Big economies don't see climate pact this year-U.S.
* Stern: U.S. is sticking to its emissions goal
* Decisions in Cancun focused on core issues
By Jeff Mason
NEW YORK, Sept 21 (Reuters) - World powers are not aiming for a legally binding pact to fight global warming at a U.N. meeting in Mexico this year and are trying to stop backsliding from a 2009 agreement, the United States said on Tuesday.
U.S. climate envoy Todd Stern, speaking after a meeting of the Major Economies Forum in New York, reiterated the U.S. pledge to cut its emissions some 17 percent by 2020 compared to 2005 levels but declined to outline how that would be done in the absence of U.S. climate legislation.
The U.S. position, weakened by the failure of the Senate and the Obama administration to pass a law requiring emissions cuts, is one of a handful of stumbling blocks ahead of the Nov. 29-Dec. 10 U.N. meeting in Cancun, Mexico, which follows up on last year's chaotic session in Copenhagen.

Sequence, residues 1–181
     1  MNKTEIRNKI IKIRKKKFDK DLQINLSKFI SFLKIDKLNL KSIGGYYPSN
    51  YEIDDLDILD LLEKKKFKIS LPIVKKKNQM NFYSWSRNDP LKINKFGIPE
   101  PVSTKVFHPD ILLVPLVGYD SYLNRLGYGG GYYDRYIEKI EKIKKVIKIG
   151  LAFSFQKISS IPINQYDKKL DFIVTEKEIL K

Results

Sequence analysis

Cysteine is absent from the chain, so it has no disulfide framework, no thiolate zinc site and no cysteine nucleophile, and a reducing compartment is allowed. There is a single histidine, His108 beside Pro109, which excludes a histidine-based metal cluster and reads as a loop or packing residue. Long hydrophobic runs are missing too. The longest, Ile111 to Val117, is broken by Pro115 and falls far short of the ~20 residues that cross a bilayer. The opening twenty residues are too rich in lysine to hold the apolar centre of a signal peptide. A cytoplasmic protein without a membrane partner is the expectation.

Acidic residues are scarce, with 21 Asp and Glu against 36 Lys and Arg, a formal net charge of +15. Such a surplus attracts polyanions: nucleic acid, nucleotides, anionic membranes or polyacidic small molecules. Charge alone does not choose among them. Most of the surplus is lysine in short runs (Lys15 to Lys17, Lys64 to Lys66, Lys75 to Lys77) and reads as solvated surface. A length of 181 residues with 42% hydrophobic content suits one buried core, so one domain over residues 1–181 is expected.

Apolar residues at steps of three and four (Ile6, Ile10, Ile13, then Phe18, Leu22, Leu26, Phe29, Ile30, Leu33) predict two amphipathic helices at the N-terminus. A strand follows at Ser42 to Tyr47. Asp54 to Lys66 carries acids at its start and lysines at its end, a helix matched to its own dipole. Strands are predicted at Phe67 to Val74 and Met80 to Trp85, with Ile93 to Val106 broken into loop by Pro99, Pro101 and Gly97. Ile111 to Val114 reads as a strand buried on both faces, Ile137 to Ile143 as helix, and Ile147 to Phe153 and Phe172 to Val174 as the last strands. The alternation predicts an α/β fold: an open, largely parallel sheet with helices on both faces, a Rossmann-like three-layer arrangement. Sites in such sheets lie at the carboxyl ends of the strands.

Stern said some countries from the roughly 190-nation U.N. grouping had moved away from commitments made under the non-binding "Copenhagen Accord" last year to curb greenhouse gas emissions and acknowledged what has become largely accepted among climate watchers: no treaty would come out of Cancun.
"Nobody is anticipating or expecting in any way a legal treaty to be done in Cancun this year," he told reporters.
He said the MEF, which groups 16 of the world's biggest economies, and the 27-nation European Union, representing some 80 percent of global emissions of greenhouse gases, had discussed that "backward movement" and agreed on the need to make progress on six core issues including finance and mitigating and adapting to the effects of climate change. Continued...